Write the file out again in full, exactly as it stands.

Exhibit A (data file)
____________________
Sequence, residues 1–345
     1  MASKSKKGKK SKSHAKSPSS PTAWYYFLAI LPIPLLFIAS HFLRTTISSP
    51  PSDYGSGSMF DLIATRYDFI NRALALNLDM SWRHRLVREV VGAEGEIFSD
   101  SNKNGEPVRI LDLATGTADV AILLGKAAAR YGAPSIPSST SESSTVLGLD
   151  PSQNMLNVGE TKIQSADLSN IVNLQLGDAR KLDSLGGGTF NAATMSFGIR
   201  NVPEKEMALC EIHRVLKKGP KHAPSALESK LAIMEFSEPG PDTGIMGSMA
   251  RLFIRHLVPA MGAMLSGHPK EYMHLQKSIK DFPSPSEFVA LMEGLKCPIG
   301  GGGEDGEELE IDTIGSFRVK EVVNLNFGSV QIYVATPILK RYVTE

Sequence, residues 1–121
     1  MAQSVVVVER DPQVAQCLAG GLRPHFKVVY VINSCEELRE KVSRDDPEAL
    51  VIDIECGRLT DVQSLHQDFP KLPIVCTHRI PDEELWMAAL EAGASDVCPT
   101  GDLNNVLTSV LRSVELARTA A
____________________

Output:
Sequence, residues 1–345
     1  MASKSKKGKK SKSHAKSPSS PTAWYYFLAI LPIPLLFIAS HFLRTTISSP
    51  PSDYGSGSMF DLIATRYDFI NRALALNLDM SWRHRLVREV VGAEGEIFSD
   101  SNKNGEPVRI LDLATGTADV AILLGKAAAR YGAPSIPSST SESSTVLGLD
   151  PSQNMLNVGE TKIQSADLSN IVNLQLGDAR KLDSLGGGTF NAATMSFGIR
   201  NVPEKEMALC EIHRVLKKGP KHAPSALESK LAIMEFSEPG PDTGIMGSMA
   251  RLFIRHLVPA MGAMLSGHPK EYMHLQKSIK DFPSPSEFVA LMEGLKCPIG
   301  GGGEDGEELE IDTIGSFRVK EVVNLNFGSV QIYVATPILK RYVTE

Sequence, residues 1–121
     1  MAQSVVVVER DPQVAQCLAG GLRPHFKVVY VINSCEELRE KVSRDDPEAL
    51  VIDIECGRLT DVQSLHQDFP KLPIVCTHRI PDEELWMAAL EAGASDVCPT
   101  GDLNNVLTSV LRSVELARTA A